“It’s well documented that consumers routinely consider sunk costs when deciding future courses of action,” states The Harvard Business Review, in a report on pricing and the psychology of consumption.

The report shares an example wherein a psychologist at Ohio University asked 61 college students to assume they’d purchased tickets for a ski trip on the same weekend, one at $50 and one at $100. The students were told they’d have much more fun on the $50 trip, yet more than half chose to take the $100 trip because the sunk cost mattered more to them than the greater enjoyment.

In short, fees do influence consumer behavior and retailers should consider the role this fact plays in their loyalty-related endeavors. Based on the HBR report, here are a few tips to understanding the psychology behind why customers pay fees, and how to make the value proposition relevant.

Pay attention to timing: The more time that passes after a customer has paid for a product, the less likely she will be to cash in on it. For example, members who pay a large up-front fee for a gym membership are likely to use it frequently at the beginning, but visit less often as time lapses, HBR reports. For this reason, retailers should at regular intervals alert customers to the benefits of their fee-based memberships. One month after a customer signs up, a retailer can send her a message to alert her of perks nearby on the horizon; after three months, it can send another detailing the perks she has earned, and so on.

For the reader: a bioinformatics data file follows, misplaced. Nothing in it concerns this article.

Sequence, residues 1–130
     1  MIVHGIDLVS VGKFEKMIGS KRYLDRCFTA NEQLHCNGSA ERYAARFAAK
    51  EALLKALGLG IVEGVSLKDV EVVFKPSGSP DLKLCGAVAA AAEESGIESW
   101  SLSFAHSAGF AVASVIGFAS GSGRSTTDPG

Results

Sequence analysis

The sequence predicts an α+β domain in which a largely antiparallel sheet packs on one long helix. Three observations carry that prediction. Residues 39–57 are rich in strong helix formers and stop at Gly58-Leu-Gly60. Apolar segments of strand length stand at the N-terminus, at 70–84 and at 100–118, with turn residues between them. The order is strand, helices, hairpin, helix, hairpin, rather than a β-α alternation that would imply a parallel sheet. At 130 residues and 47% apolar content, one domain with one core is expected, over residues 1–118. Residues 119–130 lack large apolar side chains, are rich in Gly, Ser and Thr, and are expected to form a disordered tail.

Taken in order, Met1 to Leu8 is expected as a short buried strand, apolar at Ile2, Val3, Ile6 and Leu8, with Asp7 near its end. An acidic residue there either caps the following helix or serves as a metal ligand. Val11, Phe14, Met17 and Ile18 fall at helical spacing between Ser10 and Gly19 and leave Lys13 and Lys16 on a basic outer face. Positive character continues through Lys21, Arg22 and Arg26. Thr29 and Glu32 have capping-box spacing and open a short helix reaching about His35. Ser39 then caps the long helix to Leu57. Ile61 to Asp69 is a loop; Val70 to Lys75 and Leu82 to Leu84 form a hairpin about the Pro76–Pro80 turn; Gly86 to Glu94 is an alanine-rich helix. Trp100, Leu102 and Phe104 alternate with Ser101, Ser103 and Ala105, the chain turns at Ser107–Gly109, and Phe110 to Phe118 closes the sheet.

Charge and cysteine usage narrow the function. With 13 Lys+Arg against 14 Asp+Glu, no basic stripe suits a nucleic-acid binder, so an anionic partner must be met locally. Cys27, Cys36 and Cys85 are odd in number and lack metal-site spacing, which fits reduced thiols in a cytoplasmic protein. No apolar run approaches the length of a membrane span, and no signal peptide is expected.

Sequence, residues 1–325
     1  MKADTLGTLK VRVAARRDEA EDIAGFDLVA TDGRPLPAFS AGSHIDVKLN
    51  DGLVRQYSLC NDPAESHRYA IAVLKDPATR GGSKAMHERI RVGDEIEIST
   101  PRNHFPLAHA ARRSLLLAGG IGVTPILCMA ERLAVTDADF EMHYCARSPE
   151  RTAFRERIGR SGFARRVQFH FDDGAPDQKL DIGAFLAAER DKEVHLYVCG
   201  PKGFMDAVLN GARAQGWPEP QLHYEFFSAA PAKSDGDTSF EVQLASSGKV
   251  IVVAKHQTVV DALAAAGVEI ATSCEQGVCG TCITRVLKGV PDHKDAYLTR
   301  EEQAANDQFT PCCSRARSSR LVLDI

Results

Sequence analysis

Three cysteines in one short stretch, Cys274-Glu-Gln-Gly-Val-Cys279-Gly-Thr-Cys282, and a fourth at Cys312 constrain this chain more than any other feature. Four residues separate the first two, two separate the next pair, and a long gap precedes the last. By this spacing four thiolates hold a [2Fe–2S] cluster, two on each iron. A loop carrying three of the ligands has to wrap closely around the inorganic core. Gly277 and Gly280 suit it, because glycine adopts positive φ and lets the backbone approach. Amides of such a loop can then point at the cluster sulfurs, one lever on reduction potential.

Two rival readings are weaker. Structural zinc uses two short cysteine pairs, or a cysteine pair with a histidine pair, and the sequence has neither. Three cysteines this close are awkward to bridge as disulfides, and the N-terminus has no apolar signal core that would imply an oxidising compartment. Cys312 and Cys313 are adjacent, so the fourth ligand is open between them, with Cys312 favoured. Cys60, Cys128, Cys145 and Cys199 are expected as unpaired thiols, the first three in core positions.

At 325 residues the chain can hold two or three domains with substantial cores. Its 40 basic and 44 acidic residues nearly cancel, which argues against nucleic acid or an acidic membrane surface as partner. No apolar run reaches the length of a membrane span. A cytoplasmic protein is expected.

Stagger payments: By staggering the fee structure, say to quarterly payments rather than one large annual payment, retailers can promote consistent spending among their members since shoppers are more likely to use their cards after paying their fees. That said, this strategy’s success depends largely on the average size and frequency of purchases. Using staggered payments may make more sense among retailers that generate smaller transactions or are shopped with some frequency (say four times a year). Careful design and testing will determine the right combination.

Highlight the value of individual perks: Amazon Prime offers free, two-day delivery to its members. I am not sure what that shakes out to in terms of dollars earned toward my membership fee, but if I did know, I’d likely spend more. The same goes for Amazon’s exclusive programming. Knowing the value of the perks helps the consumer justify the fee – even if he or she doesn’t take advantage of all that are available. What matters is the value is reinforced and available, so paying the fee makes sense psychologically.

Restoration Hardware, with RH Grey, is making its benefit plain. If I spend $400 with the chain, I will automatically earn my annual fee back – that’s the silver lining. If I purchase a $500 faucet and get a $125 discount, I will perceive that I am entering profitable territory.

Or, to apply the financial term, I’d be into the black. There is nothing grey about that.

This article originally appeared on, where Bryan serves as a retail contributor. You can view the original story here.